One man sets out to help Emily’s Hope with a Poker Run

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SIOUX FALLS, S.D. (KELO) — Addiction is a disease that many people have felt personally, whether it’s themselves or a loved one battling it.

Today, hundreds rode through Sioux Falls in honor of one non-profit organization that sets out to help those struggling.

In 2017, KELOLAND’s Angela Kennecke helped Gene Coyle receive a Purple Heart for his service in the Korean War.

His son, Kenny Coyle, was so moved by her investigative story that he wanted to help her with Emily’s Hope.

“He came to me and said, ‘your story helped my father so much, I want to give back and help you and help your cause and help Emily’s Hope,'” KELOLAND’S Angela Kennecke said.

Kennecke started Emily’s Hope in honor of her daughter, Emily, who passed away from fentanyl poisoning. The charity seeks to spread awareness about the opioid epidemic, help pay for treatment, and fight the stigma that comes with addiction.

Kenny Coyle says the motorcycle community does a great job of giving back, so he thought a poker run would be a good idea for a benefit.

“The cause is very important because it’s a terrible thing, a scourge in our communities, in Sioux Falls and surrounding communities. Young people, not just young people, a lot of people are dying from this and something needs to be done. We need to take it out of the closet basically so people will seek help,” Kenny Coyle said.

All of the money raised from the poker run will go towards a scholarship fund that will offset the cost of treatment for those in need.

“So whether they have insurance or don’t, whether their insurance only covers part of the treatment. If they need help with their lights or help with their rent, Emily’s Hope will be helping to cover some of those costs so we can get more people into treatment so fewer people have to die. Because right now, the drugs on the street are deadly and we need people to get into recovery and to get well and to get healed and that’s our main goal,” Kennecke said.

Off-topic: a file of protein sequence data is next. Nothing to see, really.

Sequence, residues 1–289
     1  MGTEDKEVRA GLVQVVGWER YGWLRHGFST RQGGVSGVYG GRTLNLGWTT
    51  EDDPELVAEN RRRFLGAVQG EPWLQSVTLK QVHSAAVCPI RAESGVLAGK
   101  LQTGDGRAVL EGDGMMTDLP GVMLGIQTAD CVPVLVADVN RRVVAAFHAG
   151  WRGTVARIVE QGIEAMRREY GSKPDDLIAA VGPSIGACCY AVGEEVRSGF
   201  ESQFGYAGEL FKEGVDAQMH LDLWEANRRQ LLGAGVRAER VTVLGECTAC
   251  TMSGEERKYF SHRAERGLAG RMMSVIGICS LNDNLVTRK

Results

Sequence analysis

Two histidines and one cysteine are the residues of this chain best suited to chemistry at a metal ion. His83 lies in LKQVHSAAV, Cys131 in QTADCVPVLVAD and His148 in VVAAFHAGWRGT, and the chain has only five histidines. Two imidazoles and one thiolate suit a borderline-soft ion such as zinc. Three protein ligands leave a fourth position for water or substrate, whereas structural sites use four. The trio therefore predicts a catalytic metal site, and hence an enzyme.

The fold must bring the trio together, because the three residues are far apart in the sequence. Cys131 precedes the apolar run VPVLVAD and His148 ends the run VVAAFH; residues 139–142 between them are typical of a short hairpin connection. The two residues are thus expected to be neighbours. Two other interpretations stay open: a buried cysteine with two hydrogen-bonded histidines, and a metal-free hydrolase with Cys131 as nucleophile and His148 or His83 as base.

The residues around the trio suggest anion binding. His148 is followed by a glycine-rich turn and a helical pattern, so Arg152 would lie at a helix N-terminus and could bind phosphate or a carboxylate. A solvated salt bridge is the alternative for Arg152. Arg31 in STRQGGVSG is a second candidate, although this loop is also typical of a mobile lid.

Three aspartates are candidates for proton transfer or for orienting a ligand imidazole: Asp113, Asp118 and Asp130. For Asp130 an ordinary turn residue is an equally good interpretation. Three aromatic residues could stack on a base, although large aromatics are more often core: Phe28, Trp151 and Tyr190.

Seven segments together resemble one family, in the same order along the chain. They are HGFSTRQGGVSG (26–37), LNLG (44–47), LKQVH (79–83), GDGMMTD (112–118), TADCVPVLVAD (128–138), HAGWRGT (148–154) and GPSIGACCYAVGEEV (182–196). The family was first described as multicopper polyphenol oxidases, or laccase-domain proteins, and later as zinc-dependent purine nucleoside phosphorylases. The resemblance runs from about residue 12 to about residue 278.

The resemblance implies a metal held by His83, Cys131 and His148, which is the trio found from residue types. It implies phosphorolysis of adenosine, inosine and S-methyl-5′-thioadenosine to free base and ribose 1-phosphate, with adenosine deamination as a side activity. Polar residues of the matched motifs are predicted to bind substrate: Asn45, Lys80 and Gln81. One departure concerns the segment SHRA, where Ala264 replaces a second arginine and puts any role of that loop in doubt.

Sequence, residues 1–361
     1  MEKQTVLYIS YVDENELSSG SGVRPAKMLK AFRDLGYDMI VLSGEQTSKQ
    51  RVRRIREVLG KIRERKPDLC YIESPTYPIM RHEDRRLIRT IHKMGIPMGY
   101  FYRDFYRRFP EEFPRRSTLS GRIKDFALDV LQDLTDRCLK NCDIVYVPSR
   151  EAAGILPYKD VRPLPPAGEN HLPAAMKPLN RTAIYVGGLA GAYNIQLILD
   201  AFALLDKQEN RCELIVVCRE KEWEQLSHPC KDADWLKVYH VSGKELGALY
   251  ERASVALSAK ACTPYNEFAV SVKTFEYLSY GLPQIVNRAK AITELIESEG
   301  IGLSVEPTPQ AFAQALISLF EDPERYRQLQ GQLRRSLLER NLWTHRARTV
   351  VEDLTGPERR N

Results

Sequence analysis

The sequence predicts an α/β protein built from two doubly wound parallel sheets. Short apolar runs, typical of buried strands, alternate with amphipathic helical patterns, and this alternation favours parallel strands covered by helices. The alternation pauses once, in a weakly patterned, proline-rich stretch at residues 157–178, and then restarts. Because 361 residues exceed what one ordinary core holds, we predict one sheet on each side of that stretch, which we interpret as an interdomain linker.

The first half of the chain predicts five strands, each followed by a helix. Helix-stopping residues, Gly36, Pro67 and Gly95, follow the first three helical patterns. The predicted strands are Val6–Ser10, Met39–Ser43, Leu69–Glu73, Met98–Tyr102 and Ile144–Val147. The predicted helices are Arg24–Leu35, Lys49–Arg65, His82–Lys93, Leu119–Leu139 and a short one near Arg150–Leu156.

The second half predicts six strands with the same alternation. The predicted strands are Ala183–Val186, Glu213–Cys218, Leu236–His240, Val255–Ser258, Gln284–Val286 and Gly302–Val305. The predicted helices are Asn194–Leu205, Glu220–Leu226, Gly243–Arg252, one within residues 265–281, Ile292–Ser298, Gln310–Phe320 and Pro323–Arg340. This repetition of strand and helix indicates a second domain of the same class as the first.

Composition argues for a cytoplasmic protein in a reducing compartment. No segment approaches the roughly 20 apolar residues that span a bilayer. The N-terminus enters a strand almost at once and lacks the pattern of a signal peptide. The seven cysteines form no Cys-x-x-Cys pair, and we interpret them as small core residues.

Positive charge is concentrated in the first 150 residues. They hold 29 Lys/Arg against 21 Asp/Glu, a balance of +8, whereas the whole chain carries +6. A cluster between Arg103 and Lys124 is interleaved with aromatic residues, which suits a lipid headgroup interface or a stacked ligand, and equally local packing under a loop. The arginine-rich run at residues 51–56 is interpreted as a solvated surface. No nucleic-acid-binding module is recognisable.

A group of women riders known as the Diva Angel’s also came out in full force today to support Emily’s Hope.

“Most of us our moms, most of us know or have somebody in our families that have suffered the effects of opioid abuse and it’s not the people that you ever think it is. In fact, one of our Diva Angels is a counselor for addiction. It happens to everybody, whether they know it or not, it’s happening. We want to put awareness to it and hopefully help it to stop and help those that are in the wake of it,” Diva Angel Ruth White said.

Four hundred signed up for the poker run today.

“Everyone has been touched by addiction. I don’t think there is a single family or person out there who hasn’t been touched by this issue, this very real disease in one way or the other,” Kennecke said.

Emily’s Hope has held more than twenty events since 2018 to raise awareness and end the stigma surrounding addiction.

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